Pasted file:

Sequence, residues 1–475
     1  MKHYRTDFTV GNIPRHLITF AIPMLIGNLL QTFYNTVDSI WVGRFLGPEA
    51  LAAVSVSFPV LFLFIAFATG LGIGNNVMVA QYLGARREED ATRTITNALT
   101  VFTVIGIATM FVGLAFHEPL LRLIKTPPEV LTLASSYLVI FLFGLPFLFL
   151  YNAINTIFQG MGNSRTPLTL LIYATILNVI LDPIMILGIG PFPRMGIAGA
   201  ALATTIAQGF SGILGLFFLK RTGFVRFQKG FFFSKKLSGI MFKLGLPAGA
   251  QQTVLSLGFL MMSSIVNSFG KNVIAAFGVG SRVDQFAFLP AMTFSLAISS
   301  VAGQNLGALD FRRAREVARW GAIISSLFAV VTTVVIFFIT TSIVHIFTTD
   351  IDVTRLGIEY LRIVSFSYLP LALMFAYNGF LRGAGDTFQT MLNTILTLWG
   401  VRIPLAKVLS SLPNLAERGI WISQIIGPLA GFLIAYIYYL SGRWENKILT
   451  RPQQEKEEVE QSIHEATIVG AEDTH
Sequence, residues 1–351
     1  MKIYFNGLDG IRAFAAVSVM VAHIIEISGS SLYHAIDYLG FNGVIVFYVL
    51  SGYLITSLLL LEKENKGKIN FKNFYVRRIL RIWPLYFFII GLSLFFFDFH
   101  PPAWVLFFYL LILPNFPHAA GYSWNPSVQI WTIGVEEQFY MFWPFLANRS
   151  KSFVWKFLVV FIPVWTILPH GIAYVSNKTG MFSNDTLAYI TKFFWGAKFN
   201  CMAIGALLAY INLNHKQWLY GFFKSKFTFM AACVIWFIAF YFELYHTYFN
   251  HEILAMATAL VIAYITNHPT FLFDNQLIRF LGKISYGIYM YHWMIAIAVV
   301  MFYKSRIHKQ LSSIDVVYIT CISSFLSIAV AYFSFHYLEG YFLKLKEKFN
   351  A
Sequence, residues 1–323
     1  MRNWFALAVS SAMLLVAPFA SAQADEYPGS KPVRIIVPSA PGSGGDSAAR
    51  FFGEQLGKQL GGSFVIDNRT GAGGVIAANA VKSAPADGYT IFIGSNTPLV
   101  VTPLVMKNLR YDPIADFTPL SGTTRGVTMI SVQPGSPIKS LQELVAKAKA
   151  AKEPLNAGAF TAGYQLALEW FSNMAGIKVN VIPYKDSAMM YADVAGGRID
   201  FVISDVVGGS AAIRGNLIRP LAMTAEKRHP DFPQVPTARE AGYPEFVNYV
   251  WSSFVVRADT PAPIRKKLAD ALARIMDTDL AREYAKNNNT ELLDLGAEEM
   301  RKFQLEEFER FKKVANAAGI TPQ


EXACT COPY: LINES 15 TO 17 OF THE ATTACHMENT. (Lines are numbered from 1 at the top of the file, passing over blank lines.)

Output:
   101  PPAWVLFFYL LILPNFPHAA GYSWNPSVQI WTIGVEEQFY MFWPFLANRS
   151  KSFVWKFLVV FIPVWTILPH GIAYVSNKTG MFSNDTLAYI TKFFWGAKFN
   201  CMAIGALLAY INLNHKQWLY GFFKSKFTFM AACVIWFIAF YFELYHTYFN